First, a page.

If the calculated resources are more than the allotted resource, the control unit 130 returns surplus resources to a network. Here, the returned resources may be re-allotted or allotted to another station later.
The resource information receiving unit 140 receives information on a resource to be allotted from a device that allots resources in network; the resource information may be continually received from the device that allots resources at predetermined intervals. By using the received resource information, the control unit 130 may prevent an unnecessary request for additional resources by determining in advance, whether requested additional resources may be allotted in a network. If a resource to be allotted, according to the received resource information, is less than the requested resource, the control unit 130 may transmit packets via the best effort service without requesting additional resources.
The resource-requesting unit 150 may request additional resources from a device that allots resources to the network according to a control by the control unit 130. If the control unit 130 determines that resources that can be allotted by the control unit 130 are less than the requested additional resources, the resource requesting unit 150 may request additional resources from the device that allots resources.
As illustrated in
The resource request receiving unit 210 receives a resource request from a predetermined device in network. Here, the received resource request may be for resources additional to the allotted resources or for predetermined packets if there are no allotted resources.
The resource-calculating unit 220 calculates a resource to be allotted, according to the resource request received by the resource request receiving unit 210. Particularly, the resource calculating unit 220 calculates a resource to be allotted, using information on all the resources of network, the amount of resources for the best effort service, and the entire allotted resources. If C refers to all the resources of a network, B refers to the amount of resources for the best effort service, and R refers to the entire allotted resources, AR, referring to a resource to be allotted, can be calculated by C−B−R, Here, C≦B+R. When C−B>R, the access point 200 may allot predetermined resources to a device in the network.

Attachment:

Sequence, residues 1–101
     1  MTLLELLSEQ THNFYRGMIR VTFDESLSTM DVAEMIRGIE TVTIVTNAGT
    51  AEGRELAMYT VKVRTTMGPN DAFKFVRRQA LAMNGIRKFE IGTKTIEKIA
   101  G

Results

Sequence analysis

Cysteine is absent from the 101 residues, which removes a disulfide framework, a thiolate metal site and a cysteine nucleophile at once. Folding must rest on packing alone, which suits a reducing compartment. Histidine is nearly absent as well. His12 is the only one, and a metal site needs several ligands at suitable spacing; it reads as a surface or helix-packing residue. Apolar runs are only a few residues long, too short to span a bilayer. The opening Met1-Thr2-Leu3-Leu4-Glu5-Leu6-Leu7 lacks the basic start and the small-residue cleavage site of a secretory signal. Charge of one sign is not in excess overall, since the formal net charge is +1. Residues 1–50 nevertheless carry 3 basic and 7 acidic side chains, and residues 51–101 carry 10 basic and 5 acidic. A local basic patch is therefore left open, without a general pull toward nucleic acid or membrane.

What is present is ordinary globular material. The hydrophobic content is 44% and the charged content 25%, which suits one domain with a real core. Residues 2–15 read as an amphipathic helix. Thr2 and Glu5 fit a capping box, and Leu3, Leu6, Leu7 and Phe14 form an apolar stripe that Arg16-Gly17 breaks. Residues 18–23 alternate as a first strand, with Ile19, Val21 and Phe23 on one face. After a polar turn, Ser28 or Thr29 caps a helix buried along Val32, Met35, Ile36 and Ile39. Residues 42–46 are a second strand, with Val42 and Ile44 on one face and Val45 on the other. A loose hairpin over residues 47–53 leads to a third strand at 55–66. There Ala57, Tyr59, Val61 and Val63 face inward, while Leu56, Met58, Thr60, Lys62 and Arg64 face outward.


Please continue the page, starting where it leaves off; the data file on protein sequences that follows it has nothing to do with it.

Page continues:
The resource-calculating unit 220 transmits a beacon including information on the resource to be allotted, through AR with a resources request at predetermined intervals. Devices in a network may determine the resource to be allotted, through the received beacon.
The control unit 230 determines whether to allot resources to the device that requests the resources according to the calculated result. Particularly, the control unit 230 determines whether the requested resources can be allotted, and allots the resources to the device via the resource allotting unit 240 when possible.
In the method of requesting additional resources illustrated in
The comparing unit 120 compares the calculated resources and the allotted resources (S120). The comparing unit 120 may omit the comparing of the allotted resources and the calculated resources when there is no allotted resource.
If the calculated resources are more than the allotted resources, i.e., the resources needed to transmit packets are insufficient, the control unit 130 determines whether additional resources can be requested (S130). Then, if the additional resources can be requested, the control unit requests the additional resources via the resource-requesting unit 150 (S140). That is, the control unit 130 can pre-determine a resource to be allotted, using the resource information received from the resource information receiving unit 140, and request additional resources via the resource requesting unit 150.
If the allotted resources are more than the calculated resources, surplus resources are returned (S150). The returned surplus resources may be re-allotted to another station later.
In the method of processing a resource request of an access point illustrated in
The resource calculating unit 220 calculates the resource to be allotted, by the AR (S220).
The control unit 230 compares the calculated resources and resources corresponding to the received resources request S230.
If the calculated resources are more than the requested resources, the control unit 230 allots the resources to the station that requests the resources via the resource allotting unit 240 (S240).
If the calculated resources are less than the requested resources, the control unit 230 refuses to allot the resources to the station that requests the resources (S250).